Last week new US sanctions against Russia became one of the most popular topics. Ahead of the meeting between the US and Ukrainian presidents Trump’s administration announced imposition of new Ukraine-related sanctions on 38 individuals and entities, which, according to the White House, are involved in tightening the Russian grip on the Crimea and the Donbass regions. The White House claimed that the added restrictive measures were aimed at keeping pressure on the Kremlin and making it comply with the Minsk agreements while emphasizing that there would be no relief until Moscow “meets its obligations” under them. The US press predictably failed to mention that the Minsk agreements stipulate some requirements for Kiev, in particular adopting special law on the status of Lugansk and Donetsk regions, and Ukraine’s attempts to downplay the importance of these articles clearly undermine the whole peaceful process.
Russian foreign minister Sergey Lavrov characterized the new sanctions as “regrettable” and pointed to “Russophobic obsession” of the United States. As for the experts’ opinion, almost all of them agreed that the White House’s move was carried out as a response to the recent Senate’s bill with sanctions against Russia and Iran, which prevents Trump from unilateral easing of Russia sanctions. In fact this looks as Congress’ effort to redistribute powers limiting the president’s actions. While the bill is considered now in the House of Representatives, analysts believe Trump decided to make some sort of preemptive strike trying to show the Congress that he is tough on Russia and there is no necessity for the special law. It is worth noting that during the election campaign the current president advocated relief of the sanctions and even casted a thought of US recognition of Crimea as a part of Russia. Now, unfortunately, his reasonable ideas obviously fell victim to the internal political struggle in Washington.
Meanwhile, Russia-US tensions in Syria escalated after the America’s military downing of a Syrian warplane. Moscow condemned the US move and suspended operation of a hotline established for preventing accidents in the Syrian sky. Russian Defense Ministry also claimed that Russian air defense systems would consider any US-led coalitions’ aircrafts (planes or drones) west of the Euphrates as targets. In practice all the parties understand that the downing of a plane was a blatant violation of international law but the western media preferred not to draw the readers’ attention to this fact. While the US insists that it was an act of self-defense (de jure it is impossible as the US army is deployed in Syria illegally, according to contemporary international law), some Russian experts believe that the downing was aimed at marking the US controlled territory and its sphere of influence. Amid current escalation in the Russia-US relations observers wait for a personal meeting between Vladimir Putin and Donald Trump at the sidelines of the G20 summit in July. However, few expect a breakthrough.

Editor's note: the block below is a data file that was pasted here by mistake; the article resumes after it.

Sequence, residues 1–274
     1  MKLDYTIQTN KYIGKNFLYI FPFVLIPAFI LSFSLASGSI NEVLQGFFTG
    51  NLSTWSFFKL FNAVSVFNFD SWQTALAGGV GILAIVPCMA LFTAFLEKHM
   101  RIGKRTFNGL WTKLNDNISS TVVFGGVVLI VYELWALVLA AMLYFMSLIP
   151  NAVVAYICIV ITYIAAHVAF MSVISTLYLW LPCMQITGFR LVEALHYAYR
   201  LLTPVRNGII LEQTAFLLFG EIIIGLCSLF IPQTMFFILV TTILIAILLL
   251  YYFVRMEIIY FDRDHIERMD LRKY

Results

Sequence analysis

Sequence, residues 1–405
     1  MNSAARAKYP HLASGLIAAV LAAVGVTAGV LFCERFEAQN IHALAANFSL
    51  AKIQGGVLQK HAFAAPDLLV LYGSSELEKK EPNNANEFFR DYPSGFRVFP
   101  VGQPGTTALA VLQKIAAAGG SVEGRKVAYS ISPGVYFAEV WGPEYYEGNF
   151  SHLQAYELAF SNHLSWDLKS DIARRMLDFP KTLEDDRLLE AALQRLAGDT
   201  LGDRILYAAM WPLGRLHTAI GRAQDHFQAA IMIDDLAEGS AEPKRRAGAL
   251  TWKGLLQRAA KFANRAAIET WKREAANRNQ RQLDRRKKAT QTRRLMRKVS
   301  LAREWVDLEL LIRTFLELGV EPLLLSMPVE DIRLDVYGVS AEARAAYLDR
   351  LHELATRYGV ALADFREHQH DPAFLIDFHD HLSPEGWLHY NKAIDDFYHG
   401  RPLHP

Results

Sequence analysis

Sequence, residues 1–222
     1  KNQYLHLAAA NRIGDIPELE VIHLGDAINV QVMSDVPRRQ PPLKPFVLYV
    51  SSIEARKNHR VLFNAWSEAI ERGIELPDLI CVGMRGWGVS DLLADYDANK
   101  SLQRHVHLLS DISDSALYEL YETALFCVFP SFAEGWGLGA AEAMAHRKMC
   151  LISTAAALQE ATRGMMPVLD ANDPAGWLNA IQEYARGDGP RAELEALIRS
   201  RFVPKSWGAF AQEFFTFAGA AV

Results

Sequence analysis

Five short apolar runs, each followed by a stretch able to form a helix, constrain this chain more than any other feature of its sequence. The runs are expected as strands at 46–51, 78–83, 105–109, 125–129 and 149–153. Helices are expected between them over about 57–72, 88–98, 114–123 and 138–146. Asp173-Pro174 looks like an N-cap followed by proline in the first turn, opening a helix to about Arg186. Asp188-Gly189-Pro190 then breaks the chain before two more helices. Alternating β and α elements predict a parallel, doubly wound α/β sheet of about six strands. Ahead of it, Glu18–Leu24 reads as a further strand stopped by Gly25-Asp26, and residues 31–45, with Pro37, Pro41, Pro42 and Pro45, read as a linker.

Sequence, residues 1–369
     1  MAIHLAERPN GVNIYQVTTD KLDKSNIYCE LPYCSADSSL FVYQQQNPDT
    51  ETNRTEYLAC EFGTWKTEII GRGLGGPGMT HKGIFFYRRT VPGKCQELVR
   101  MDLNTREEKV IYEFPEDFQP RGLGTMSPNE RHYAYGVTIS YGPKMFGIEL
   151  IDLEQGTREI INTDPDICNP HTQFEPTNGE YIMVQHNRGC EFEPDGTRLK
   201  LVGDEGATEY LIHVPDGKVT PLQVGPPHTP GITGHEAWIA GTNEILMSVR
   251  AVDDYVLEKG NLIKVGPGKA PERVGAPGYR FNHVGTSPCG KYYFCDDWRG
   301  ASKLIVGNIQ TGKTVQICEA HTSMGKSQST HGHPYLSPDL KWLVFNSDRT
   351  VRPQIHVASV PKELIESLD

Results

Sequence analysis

By Marc Champion
Flashback to 1980s Reagan-Europe dispute over Soviet gas link.
By Mike DeBonis and Karoun Demirjian
The Washington Post
A bipartisan bill extending financial sanctions on Russia and Iran and making it more difficult for President Trump to ease Russian sanctions has encountered a major procedural snag, threatening its quick passage into law and prompting Democrats to accuse House Republicans of protecting Trump.
By Alan Rappeport and Neil MacFarquhar
The New York Times
The Trump administration ratcheted up pressure on Russia on Tuesday, unveiling sanctions on more than three dozen additional individuals and organizations that have participated in the country’s incursion in Ukraine.
By John Hudson
A classified document by Secretary of State Rex Tillerson lays out a new path for Russia and the US. But does the president, weighed down by scandal and investigation, support it?
By David Brooks
The New York Times
As the Trump-Russia story has evolved, it is striking how little evidence there is that any underlying crime occurred — that there was any actual collusion between the Donald Trump campaign and the Russians.
By Greg Miller, Ellen Nakashima and Adam Entous
The Washington Post
Obama approved a previously undisclosed covert measure that authorized planting cyber weapons in Russia’s infrastructure, the digital equivalent of bombs that could be detonated if the United States found itself in an escalating exchange with Moscow.
By Michael R. Gordon and Ivan Nechepurenko
The New York Times
Long-running tensions between the United States and Russia erupted publicly on Monday as Moscow condemned the American military’s downing of a Syrian warplane and threatened to target aircraft flown by the United States and its allies west of the Euphrates.
By Uri Friedman
Russia and the U.S. are coming into conflict, even as they claim to be fighting the same enemy.
By Rebecca Collard, Erika Solomon, Najmeh Bozorgmehr and Katrina Manson
The Financial Times
Rival forces’ scramble to oust Isis heightens danger of international flashpoint.
By Steven Chase
The Globe and Mail
The former head of Latvia’s armed forces says it’s hard to predict how long NATO members such as Canada will need to deploy troops to Eastern Europe as part of a deterrence force against Russian expansionism.
By Gary Anderson
The Washington Times
Only a credible deterrence can keep the Russians at bay.
By Sean Keeley
The American Interest
Oliver Stone’s interviews with Vladimir Putin tell us more about Putin’s admirers than about the Russian President himself.
By Edoardo Saravalle
Washington is focused on Russia’s political interference—but Moscow’s campaign against the U.S. extends beyond the ballot box.
Despite being cheered on by the West, Navalny is not aligned with most Western interests and will not utilize Western support.
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